Even though the discovery of nuclein by Meischer and the proposition for principles of inheritance by Mendel were almost at the same time, but that the DNA acts as a genetic material took long to be discovered and proven. By 1926, the quest to determine the mechanism for genetic inheritance had reached the molecular level. Previous discoveries by Gregor Mendel, Walter Sutton, Thomas Hunt Morgan and numerous other scientists had narrowed the search to the chromosomes located in the nucleus of most cells. But the question of what molecule was actually the genetic material, had not been answered. Transforming Principle In 1928, Frederick Griffith, in a series of experiments with Streptococcus pneumoniae (bacterium responsible for pneumonia), witnessed a miraculous transformation in the bacteria. During the course of his experiment, a living organism (bacteria) had changed in physical form. When Streptococcus pneumoniae (pneumococcus) bacteria are grown on a culture plate, some produce smooth shiny colonies (S) while others produce rough colonies (R). This is because the S strain bacteria have a mucous (polysaccharide) coat, while R strain does not. Mice infected with the S strain (virulent) die from pneumonia infection but mice infected with the R strain do not develop pneumonia.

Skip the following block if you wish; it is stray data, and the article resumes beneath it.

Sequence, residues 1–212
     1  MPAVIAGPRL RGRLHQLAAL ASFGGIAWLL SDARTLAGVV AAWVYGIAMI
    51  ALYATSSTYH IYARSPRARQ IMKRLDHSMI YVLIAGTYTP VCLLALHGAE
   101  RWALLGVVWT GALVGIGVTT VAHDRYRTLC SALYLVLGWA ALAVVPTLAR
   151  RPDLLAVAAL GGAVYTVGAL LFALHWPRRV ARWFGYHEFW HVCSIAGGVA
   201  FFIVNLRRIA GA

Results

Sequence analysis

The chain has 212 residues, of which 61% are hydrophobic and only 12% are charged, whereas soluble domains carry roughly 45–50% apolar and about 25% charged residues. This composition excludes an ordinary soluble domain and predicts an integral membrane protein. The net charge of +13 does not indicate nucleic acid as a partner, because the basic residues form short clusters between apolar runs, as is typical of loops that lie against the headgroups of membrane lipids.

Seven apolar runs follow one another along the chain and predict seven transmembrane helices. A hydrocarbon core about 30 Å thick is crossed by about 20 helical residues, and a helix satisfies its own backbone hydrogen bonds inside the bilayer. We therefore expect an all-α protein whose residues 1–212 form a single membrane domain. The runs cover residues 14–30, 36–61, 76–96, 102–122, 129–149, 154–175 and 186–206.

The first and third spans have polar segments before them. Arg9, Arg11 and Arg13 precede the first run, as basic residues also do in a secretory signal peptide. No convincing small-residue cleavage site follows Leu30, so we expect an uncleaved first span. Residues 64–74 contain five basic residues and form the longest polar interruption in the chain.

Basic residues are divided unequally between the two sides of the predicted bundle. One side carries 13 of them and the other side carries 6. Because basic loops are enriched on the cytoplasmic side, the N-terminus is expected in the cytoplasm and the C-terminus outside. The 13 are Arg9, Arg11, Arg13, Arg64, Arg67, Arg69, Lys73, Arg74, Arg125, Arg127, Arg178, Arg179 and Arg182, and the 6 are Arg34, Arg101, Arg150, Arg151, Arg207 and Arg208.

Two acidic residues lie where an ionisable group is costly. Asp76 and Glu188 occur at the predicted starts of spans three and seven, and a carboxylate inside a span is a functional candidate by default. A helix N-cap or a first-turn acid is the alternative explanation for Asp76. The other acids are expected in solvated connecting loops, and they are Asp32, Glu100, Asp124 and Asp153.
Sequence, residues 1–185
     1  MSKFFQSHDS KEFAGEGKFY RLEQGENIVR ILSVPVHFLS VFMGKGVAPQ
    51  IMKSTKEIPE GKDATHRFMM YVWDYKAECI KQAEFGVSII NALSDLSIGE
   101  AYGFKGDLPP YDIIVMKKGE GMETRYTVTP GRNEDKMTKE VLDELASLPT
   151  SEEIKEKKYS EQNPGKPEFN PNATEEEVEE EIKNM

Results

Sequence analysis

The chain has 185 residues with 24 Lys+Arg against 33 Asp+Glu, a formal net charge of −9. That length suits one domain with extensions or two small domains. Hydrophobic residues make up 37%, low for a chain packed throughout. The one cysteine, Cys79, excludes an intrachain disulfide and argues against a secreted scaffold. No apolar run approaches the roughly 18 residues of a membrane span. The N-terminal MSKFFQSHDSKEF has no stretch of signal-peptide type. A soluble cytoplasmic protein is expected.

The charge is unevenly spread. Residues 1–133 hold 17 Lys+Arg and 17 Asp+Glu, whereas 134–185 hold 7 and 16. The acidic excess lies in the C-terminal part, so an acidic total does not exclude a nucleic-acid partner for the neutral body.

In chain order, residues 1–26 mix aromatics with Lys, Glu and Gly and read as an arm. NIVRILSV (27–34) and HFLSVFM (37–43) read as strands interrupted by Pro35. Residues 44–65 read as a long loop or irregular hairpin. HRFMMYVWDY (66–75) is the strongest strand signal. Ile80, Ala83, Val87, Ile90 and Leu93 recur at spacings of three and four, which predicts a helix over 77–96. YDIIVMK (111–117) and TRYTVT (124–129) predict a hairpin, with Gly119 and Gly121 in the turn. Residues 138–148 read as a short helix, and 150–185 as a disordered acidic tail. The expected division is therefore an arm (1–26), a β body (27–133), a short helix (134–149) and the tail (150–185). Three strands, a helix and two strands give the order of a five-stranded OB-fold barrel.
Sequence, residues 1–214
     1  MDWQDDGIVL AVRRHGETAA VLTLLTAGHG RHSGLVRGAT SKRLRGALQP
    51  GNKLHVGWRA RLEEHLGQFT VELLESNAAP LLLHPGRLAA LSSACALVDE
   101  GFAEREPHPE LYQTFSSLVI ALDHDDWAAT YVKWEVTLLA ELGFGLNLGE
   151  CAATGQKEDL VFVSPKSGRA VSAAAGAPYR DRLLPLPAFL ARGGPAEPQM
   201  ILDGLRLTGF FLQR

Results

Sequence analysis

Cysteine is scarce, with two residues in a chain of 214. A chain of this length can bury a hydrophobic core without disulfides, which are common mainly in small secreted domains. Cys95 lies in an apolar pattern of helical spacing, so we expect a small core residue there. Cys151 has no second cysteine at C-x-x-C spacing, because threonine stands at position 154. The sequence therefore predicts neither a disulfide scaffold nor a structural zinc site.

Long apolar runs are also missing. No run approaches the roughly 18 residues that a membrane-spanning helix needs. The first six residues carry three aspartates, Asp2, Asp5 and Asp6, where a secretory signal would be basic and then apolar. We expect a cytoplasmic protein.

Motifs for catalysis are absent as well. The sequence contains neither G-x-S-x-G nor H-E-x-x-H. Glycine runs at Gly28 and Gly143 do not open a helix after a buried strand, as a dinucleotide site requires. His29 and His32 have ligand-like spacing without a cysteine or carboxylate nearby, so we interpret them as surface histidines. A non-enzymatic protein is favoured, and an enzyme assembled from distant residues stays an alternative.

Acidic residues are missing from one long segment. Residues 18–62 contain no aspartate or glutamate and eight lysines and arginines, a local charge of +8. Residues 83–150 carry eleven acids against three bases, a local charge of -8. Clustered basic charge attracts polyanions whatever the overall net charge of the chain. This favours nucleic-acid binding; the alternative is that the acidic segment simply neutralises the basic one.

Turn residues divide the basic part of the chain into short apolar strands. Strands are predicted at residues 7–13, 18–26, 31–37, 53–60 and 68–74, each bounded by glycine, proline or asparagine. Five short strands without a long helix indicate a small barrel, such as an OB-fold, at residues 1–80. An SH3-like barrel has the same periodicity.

Griffith was able to kill bacteria by heating them. He observed that heat-killed S strain bacteria injected into mice did not kill them. When he